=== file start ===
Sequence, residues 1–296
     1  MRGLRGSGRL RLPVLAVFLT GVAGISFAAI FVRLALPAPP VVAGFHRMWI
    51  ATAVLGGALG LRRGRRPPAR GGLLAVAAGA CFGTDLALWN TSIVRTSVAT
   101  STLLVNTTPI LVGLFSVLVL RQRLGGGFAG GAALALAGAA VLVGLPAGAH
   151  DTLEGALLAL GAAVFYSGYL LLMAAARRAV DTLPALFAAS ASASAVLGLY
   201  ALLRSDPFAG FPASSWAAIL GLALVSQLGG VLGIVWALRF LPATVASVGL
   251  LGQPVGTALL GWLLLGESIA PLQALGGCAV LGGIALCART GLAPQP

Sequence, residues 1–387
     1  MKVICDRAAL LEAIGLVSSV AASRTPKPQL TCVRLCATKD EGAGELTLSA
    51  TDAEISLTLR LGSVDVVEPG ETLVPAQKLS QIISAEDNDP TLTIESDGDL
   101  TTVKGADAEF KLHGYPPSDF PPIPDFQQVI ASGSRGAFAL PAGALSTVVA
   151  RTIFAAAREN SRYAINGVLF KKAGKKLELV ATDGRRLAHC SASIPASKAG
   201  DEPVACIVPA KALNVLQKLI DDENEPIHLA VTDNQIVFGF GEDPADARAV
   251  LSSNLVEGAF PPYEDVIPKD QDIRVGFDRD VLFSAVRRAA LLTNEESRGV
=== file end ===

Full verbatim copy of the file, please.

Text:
Sequence, residues 1–296
     1  MRGLRGSGRL RLPVLAVFLT GVAGISFAAI FVRLALPAPP VVAGFHRMWI
    51  ATAVLGGALG LRRGRRPPAR GGLLAVAAGA CFGTDLALWN TSIVRTSVAT
   101  STLLVNTTPI LVGLFSVLVL RQRLGGGFAG GAALALAGAA VLVGLPAGAH
   151  DTLEGALLAL GAAVFYSGYL LLMAAARRAV DTLPALFAAS ASASAVLGLY
   201  ALLRSDPFAG FPASSWAAIL GLALVSQLGG VLGIVWALRF LPATVASVGL
   251  LGQPVGTALL GWLLLGESIA PLQALGGCAV LGGIALCART GLAPQP

Sequence, residues 1–387
     1  MKVICDRAAL LEAIGLVSSV AASRTPKPQL TCVRLCATKD EGAGELTLSA
    51  TDAEISLTLR LGSVDVVEPG ETLVPAQKLS QIISAEDNDP TLTIESDGDL
   101  TTVKGADAEF KLHGYPPSDF PPIPDFQQVI ASGSRGAFAL PAGALSTVVA
   151  RTIFAAAREN SRYAINGVLF KKAGKKLELV ATDGRRLAHC SASIPASKAG
   201  DEPVACIVPA KALNVLQKLI DDENEPIHLA VTDNQIVFGF GEDPADARAV
   251  LSSNLVEGAF PPYEDVIPKD QDIRVGFDRD VLFSAVRRAA LLTNEESRGV